Experiencing a range of positive emotions has been associated with lower levels of inflammation, for example, and emotional control has even been linked to higher performance in sportspeople. Negative emotions, too, can have a serious impact on behaviour: research has investigated the emotional triggers of self-harm, for instance.
Now new research from Charles Dorison and colleagues at Harvard University, published in PNAS, has looked at the role of negative emotions in addiction. Though some theories say negative mood in general is associated with problematic substance use, the study suggests that, for tobacco at least, it's sadness per se that is related to addiction.
For their first study, the team looked at data from a national survey that tracked 10,685 people over 20 years. It found that sadness significantly predicted smoking status — something that no other emotion, positive or negative, did. There seemed to be a long-term effect, too: sadness reported at the first phase of the data predicted smoking ten and twenty years later.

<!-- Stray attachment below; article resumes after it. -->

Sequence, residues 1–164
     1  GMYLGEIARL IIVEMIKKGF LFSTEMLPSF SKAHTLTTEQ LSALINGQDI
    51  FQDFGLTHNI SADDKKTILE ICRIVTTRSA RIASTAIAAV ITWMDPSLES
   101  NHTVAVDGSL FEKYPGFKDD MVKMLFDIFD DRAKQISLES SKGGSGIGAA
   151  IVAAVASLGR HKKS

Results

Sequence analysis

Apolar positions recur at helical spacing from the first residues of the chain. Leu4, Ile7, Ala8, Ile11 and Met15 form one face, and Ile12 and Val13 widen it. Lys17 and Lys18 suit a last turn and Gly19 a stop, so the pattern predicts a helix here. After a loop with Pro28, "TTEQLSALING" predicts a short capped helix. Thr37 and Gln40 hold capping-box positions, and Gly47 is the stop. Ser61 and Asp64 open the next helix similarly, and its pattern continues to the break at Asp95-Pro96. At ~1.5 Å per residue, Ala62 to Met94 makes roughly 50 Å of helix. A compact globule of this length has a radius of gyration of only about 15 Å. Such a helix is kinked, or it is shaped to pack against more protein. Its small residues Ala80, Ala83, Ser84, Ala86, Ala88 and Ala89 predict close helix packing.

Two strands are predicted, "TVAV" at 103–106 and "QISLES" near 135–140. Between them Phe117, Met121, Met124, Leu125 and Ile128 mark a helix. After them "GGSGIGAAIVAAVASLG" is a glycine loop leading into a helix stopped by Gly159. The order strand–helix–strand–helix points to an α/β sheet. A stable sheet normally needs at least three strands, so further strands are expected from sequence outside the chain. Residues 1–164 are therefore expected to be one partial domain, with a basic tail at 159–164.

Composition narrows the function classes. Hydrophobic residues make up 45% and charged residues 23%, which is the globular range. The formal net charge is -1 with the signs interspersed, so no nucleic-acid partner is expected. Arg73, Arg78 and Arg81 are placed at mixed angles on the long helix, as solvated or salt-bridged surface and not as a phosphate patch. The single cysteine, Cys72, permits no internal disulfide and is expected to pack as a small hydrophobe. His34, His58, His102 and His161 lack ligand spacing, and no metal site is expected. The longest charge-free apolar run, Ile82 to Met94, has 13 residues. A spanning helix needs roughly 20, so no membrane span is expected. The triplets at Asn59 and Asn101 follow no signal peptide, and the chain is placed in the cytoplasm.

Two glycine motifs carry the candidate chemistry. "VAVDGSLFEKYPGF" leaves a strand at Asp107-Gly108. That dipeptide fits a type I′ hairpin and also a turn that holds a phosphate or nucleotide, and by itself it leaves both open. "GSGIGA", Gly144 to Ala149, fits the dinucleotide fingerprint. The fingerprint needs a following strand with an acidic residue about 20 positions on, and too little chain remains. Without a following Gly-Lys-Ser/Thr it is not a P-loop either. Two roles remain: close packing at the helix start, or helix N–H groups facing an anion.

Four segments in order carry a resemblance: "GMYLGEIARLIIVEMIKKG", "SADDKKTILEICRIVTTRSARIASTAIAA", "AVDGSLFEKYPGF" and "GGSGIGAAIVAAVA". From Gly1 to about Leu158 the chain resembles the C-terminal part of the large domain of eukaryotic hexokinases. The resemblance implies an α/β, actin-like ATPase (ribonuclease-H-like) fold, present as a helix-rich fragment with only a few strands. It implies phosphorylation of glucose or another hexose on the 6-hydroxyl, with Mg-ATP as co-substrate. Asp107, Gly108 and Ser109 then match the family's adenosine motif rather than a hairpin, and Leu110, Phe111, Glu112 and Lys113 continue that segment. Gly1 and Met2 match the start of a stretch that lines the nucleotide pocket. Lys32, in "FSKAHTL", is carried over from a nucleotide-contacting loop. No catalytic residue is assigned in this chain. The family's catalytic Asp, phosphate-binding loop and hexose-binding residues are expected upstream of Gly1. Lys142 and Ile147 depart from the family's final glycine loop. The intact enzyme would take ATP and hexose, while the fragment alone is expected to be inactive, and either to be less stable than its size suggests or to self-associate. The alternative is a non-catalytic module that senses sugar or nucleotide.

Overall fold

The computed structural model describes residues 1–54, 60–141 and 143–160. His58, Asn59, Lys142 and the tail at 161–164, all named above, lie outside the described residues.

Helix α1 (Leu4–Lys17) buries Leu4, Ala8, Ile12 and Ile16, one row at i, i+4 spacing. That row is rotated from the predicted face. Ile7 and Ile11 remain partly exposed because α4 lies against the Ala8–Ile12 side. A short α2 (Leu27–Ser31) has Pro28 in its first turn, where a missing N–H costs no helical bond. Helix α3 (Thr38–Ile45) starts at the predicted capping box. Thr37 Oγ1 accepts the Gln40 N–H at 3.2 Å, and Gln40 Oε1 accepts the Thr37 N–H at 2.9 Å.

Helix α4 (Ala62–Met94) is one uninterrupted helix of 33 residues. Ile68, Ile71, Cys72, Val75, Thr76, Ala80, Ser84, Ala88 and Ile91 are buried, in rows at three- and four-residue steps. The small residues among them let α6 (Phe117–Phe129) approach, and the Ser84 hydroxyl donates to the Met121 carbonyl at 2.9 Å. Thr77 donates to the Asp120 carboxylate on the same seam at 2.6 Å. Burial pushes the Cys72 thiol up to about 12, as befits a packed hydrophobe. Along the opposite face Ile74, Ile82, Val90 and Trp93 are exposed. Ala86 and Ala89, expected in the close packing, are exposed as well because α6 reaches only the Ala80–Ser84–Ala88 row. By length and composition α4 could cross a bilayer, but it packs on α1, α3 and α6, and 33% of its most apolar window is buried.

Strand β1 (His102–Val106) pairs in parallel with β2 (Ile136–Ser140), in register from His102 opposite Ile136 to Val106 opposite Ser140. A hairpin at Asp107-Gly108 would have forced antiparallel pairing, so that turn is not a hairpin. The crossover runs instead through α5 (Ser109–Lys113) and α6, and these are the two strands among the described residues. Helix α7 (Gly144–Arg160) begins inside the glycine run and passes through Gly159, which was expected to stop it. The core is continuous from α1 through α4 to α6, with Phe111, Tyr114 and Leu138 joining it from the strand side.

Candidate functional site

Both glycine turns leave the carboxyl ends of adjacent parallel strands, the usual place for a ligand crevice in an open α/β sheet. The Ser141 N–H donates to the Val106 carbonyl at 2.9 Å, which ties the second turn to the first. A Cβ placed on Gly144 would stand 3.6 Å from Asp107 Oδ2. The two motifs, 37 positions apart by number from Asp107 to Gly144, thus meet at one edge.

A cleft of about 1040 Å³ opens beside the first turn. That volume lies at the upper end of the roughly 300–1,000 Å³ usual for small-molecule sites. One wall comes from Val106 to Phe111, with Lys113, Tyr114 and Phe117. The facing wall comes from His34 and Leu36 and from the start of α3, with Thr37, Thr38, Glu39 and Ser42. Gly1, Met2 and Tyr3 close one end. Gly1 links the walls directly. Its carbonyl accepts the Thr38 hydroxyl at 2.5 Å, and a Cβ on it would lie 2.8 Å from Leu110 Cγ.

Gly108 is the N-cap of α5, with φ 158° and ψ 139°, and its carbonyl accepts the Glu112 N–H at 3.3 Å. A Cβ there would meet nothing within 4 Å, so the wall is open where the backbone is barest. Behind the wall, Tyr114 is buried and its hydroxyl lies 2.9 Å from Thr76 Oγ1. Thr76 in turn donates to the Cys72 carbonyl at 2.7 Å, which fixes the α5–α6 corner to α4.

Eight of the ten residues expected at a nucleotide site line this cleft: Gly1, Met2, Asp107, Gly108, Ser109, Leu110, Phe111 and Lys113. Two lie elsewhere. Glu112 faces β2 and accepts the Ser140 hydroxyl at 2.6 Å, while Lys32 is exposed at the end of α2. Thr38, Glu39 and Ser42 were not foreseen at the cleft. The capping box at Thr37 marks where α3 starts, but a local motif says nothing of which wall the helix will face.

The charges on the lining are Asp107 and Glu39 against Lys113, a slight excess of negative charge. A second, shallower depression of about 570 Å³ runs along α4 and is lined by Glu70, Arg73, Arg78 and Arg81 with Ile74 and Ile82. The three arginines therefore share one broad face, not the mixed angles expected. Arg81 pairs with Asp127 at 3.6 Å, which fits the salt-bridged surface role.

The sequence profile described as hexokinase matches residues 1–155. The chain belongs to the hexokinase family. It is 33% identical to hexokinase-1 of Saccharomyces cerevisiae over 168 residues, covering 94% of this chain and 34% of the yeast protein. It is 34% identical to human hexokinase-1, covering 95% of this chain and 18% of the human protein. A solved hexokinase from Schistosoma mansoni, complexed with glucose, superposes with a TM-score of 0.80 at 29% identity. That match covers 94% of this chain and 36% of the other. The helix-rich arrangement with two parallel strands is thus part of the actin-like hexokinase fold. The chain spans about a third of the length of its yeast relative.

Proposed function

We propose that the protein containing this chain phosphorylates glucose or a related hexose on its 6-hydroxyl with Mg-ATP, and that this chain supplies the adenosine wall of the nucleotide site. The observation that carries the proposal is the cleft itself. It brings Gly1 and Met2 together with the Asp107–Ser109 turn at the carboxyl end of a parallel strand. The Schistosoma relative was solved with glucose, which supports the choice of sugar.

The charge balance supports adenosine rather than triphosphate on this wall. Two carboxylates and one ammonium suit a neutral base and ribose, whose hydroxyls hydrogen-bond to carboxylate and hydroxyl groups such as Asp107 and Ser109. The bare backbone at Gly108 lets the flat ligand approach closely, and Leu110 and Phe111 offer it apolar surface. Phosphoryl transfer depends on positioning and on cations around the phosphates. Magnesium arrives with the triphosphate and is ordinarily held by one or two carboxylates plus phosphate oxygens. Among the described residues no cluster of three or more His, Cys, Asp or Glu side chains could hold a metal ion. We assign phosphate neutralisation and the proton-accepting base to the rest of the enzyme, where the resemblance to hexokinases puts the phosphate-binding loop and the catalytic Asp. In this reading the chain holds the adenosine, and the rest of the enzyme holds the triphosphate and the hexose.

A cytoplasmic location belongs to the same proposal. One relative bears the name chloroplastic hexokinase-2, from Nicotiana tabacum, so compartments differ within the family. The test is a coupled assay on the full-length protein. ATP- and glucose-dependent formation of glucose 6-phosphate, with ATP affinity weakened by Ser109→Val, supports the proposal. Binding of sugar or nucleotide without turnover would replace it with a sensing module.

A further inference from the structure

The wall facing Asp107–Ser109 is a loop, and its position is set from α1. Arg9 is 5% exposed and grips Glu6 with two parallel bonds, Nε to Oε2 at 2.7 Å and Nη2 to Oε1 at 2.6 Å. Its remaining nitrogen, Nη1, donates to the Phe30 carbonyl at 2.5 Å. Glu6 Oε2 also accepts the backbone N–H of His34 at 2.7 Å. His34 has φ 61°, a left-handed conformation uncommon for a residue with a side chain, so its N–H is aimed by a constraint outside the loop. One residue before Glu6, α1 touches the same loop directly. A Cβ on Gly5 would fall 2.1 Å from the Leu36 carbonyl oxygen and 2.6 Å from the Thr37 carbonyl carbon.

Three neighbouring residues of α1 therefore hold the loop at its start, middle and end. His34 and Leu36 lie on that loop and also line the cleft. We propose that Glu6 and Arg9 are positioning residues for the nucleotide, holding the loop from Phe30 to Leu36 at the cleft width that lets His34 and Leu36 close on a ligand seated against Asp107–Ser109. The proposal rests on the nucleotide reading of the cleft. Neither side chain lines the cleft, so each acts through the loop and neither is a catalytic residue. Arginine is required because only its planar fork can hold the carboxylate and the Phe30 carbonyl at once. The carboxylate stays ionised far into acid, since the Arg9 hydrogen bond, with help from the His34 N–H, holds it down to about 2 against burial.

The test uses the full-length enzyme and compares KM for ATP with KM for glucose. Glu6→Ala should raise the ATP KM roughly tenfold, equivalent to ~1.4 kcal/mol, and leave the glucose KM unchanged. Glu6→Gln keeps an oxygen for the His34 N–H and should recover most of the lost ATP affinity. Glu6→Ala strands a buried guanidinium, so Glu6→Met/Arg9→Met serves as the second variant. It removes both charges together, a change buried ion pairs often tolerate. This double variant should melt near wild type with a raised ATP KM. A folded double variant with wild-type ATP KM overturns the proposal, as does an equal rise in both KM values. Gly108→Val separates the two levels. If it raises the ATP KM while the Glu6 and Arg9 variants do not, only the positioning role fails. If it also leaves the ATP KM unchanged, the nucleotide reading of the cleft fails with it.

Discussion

In the second study, which looked at cravings for cigarettes, 425 smokers were placed into three conditions: sadness, disgust and neutral. Those in the sadness condition were shown a clip from the notoriously tear-jerking Pixar film Up, and were then asked to write about a time they themselves had experienced significant loss, like the elderly man in the film.
Participants in the disgust condition were shown another iconic film clip: the scene from Trainspotting in which Ewan McGregor roots around in a decidedly unclean toilet. They were then asked to write about an unsanitary experience in their own life. And in the neutral condition, participants viewed a video about furniture making and were asked to write about their work.